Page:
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Zimbabwe Women's Conference Urges Participation in Constitutional Revision


President Robert Mugabe said Zimbabwe led most countries in Africa and around the world in uplifting its women, who fill top posts such as vice president, deputy prime minister, Senate speaker and deputy House speaker

An international conference on women this week in Harare, Zimbabwe, has focused on the role of women in formulating a new constitution for the country.

Opening the conference, President Robert Mugabe said Zimbabwe led most countries in Africa and around the world in uplifting its women, who fill top posts such as vice president, deputy prime minister, Senate speaker and deputy House speaker. But he said more progress is needed in government and political parties.

Former Irish Prime Minister Mary Robinson urged the unity government in place in Harare since early 2009 to address serious human rights violations in the country, calling for remedies and preventive measures. Robinson said that women and girls are often the ones most affected by rights violations.

"Allow me also to take this moment – in the presence of this country’s highest leaders – to express my sincere hope that ongoing reports of serious human rights violations in Zimbabwe will be fully addressed by the government and actions taken to ensure adequate remedies and prevent future abuses," she said.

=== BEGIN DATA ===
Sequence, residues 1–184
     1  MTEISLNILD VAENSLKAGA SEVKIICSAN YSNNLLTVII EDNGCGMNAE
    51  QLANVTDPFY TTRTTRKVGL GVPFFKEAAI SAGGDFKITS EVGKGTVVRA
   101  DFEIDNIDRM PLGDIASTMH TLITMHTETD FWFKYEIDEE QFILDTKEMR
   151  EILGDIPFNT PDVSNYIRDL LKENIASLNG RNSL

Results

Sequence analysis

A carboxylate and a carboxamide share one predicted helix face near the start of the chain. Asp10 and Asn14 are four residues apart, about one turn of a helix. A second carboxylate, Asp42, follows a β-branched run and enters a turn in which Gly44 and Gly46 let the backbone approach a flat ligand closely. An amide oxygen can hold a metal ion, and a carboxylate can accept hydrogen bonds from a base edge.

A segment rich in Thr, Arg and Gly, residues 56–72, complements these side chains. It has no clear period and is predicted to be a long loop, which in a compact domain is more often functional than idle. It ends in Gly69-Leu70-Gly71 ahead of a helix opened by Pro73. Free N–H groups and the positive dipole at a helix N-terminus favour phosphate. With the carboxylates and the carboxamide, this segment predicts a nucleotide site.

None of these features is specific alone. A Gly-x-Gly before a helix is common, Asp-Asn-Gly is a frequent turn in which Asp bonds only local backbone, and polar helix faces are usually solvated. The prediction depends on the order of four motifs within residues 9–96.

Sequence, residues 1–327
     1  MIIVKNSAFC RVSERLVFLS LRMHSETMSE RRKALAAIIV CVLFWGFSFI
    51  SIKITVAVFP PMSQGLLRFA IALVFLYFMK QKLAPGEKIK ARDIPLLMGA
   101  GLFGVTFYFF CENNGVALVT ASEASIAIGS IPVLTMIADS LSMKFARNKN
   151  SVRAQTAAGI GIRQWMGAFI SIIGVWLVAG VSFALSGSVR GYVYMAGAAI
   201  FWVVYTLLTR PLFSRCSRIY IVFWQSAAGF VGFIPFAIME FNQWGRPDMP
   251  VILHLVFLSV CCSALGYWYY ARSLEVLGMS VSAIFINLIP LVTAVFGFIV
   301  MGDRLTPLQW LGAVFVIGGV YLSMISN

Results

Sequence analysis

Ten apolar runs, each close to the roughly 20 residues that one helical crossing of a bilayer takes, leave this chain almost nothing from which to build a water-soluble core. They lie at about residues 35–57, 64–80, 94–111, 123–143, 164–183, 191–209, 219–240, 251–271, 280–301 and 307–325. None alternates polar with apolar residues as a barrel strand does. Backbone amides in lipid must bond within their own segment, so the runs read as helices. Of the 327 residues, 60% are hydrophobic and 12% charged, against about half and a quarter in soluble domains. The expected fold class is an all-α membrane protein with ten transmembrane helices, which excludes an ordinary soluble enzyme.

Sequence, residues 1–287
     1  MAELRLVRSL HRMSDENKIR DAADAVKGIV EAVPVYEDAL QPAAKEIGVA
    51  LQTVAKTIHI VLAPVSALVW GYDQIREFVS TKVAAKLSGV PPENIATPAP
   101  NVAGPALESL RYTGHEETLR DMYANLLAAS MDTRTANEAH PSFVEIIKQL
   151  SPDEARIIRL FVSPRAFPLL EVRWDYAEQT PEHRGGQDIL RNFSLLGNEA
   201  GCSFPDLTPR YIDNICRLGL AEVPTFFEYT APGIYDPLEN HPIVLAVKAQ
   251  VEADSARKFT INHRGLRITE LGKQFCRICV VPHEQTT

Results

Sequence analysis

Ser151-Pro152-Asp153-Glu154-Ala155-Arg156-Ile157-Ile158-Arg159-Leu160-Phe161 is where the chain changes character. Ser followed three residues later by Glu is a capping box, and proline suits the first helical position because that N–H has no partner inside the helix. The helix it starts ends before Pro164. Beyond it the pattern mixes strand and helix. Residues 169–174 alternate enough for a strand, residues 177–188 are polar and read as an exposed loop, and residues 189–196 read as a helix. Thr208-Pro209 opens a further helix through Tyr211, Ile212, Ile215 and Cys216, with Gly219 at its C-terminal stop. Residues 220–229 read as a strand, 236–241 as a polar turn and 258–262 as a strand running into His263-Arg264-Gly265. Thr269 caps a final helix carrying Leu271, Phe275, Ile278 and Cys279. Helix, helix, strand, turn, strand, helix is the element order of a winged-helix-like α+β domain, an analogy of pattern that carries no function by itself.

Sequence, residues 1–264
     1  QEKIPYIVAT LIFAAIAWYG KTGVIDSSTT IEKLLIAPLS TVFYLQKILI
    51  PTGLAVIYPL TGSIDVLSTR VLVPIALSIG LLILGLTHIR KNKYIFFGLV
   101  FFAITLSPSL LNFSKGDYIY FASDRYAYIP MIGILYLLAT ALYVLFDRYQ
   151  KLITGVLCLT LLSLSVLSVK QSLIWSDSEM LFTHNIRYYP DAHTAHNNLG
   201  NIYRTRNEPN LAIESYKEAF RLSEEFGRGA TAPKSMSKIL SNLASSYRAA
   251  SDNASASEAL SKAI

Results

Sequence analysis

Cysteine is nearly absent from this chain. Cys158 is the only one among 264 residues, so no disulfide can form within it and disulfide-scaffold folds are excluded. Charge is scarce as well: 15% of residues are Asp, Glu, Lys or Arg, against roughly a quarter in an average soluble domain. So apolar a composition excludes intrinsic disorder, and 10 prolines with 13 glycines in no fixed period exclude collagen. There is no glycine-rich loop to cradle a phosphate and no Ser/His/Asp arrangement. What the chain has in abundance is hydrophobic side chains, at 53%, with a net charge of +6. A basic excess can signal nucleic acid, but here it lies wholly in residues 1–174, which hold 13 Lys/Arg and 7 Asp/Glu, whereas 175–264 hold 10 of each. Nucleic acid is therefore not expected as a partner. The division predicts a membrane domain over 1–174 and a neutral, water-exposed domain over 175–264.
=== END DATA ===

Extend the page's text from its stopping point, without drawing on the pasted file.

"Reports of torture, harassment and politically motivated prosecutions of human rights defenders among other violations are extremely worrying," Robinson said. "Just like all other citizens of the world, the women and girls of Zimbabwe are doubly impacted by any such violence, as persons, mothers, and community leaders.

"I raise these issues as someone who has worked around the world to promote human dignity and respect for human rights, with no political agenda. I express these concerns as a friend of Zimbabwe who believes that the Universal Declaration of Human Rights and the international system which flowed from it must be realized for all. It's heartening that Zimbabwe is signatory to most of these instruments, including those commitments on this continent such as the Africa Protocol on Women’s rights."

She said women should be closely involved in the constitutional revision process as they were not represented when Zimbabwe's current - though much amended - Lancaster House Constitution was drafted in 1979 shortly before independence.

"The women of Zimbabwe are demanding a constitution that guarantees more women in decision making positions through adoption of mechanisms such as the Proportional Representation electoral system and women’s quotas in party nominations," the former premier of the Irish Republic said.

She advocated affirmative action of various kinds to empower Zimbabwean women, given their historical disadvantages, and added that the new constitution must have measures to protect young girls and ensure their equal access to educational opportunities.

Labor Minister Paurina Gwanyanya-Mpariwa told tells VOA Studio 7 reporter Sandra Nyaira the conference will help to consolidate the standing of Zimbabwean women as they seek to enshrine their rights.

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